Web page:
Breakpoint: Desktop XLDesktopTabletMobile
Go Back The Future Perfect

The Present Tense


Color Story: Luis Barragán

August 11, 2017
By: Aaron Peasley

“My house is my refuge, an emotional piece of architecture, not a cold piece of convenience.”

It would be an understatement to say that the buildings of Mexican architect Luis Barragán have stood the test of time. Born in 1902, Barragán famously combined architecture and color in a range of structures that remain innovative, timeless and enigmatic.


In Mexico City, both Casa Luis Barragán and Casa Geladi offer an object lesson in the architect’s mastery of light and space. Barragán arrived in Mexico City in the 1930s, but it wasn’t until a seminal trip to Europe - where he crossed paths with modernists including French architect Le Corbusier - that his singular mix of international style modernism and Mexican colonial architecture began to coalesce. The result was christened “emotional architecture,” given its ability to inspire wonder and elevate the imaginations of its inhabitants.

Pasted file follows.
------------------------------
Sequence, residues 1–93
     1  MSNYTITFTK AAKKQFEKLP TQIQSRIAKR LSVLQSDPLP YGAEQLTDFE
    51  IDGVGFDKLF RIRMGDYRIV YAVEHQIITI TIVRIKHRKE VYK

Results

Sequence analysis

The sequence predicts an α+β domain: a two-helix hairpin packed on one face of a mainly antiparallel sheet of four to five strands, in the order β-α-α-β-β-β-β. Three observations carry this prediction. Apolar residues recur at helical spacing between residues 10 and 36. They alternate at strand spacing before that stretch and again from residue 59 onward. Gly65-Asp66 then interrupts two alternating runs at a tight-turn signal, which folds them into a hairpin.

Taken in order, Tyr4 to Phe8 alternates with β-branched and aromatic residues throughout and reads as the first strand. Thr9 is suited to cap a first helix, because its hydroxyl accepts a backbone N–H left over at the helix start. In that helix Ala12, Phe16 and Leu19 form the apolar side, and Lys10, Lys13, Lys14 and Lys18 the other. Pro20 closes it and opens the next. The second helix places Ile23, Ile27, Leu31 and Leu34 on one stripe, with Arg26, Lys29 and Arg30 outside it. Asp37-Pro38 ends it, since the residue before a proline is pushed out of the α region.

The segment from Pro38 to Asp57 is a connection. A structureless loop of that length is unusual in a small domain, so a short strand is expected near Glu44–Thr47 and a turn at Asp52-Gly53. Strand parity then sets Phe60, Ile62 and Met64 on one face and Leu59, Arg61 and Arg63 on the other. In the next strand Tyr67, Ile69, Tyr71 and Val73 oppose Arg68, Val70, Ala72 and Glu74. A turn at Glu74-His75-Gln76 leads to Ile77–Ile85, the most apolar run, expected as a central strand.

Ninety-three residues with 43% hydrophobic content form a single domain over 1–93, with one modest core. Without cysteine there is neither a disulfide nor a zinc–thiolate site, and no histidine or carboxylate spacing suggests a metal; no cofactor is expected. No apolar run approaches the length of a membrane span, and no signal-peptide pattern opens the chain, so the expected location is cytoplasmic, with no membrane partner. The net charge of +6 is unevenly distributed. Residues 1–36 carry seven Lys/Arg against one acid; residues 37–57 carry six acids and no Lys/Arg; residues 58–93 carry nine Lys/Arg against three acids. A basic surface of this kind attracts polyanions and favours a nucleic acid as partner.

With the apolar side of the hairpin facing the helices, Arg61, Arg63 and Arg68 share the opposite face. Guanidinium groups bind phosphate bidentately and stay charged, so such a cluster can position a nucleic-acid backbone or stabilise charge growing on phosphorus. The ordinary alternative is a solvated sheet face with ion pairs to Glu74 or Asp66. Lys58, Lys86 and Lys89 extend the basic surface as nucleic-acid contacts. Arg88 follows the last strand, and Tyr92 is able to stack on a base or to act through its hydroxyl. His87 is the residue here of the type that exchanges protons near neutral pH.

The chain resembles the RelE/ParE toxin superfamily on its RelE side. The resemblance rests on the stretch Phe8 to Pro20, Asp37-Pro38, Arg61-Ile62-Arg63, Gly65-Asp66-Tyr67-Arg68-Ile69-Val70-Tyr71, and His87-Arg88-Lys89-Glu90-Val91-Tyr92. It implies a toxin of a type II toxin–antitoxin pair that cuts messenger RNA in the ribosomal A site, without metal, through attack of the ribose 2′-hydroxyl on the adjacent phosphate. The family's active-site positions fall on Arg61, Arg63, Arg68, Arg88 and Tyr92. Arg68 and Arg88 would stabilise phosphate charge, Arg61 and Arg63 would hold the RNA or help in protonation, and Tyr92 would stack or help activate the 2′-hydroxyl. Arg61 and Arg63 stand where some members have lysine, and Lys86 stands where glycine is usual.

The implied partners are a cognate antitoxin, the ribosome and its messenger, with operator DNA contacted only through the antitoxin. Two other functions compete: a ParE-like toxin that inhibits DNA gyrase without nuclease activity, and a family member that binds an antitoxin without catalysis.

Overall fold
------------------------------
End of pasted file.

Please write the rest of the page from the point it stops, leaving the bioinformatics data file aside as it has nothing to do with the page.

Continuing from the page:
Barragán’s Mexico City house and studio, built in 1948 and now a UNESCO World Heritage Site, is the perfect immersion into his thoughts on architecture and how to create spaces that resonate on a human level. The same could be said of Casa Gilardi, the architect’s last completed residence, which blends internal elements such as an indoor pool, with the architect’s otherworldly color palette.


As a visit to the properties evince, Barragán’s houses were intended to be almost spiritual refuges - true microcosms that offered a sense of repose and tranquility. This effect is conveyed through the use of intimate public spaces, few windows and decorative flourishes that spanned modern art, folkloric items and pre-Colombian artifacts. And of course, through it all is the fearless color palette. In the Prizker prize-winning architect’s own words: “Architecture is a art when one consciously or unconsciously creates aesthetic emotion in the atmosphere and when this environment produces well being.”


Photography by Erika Siegel.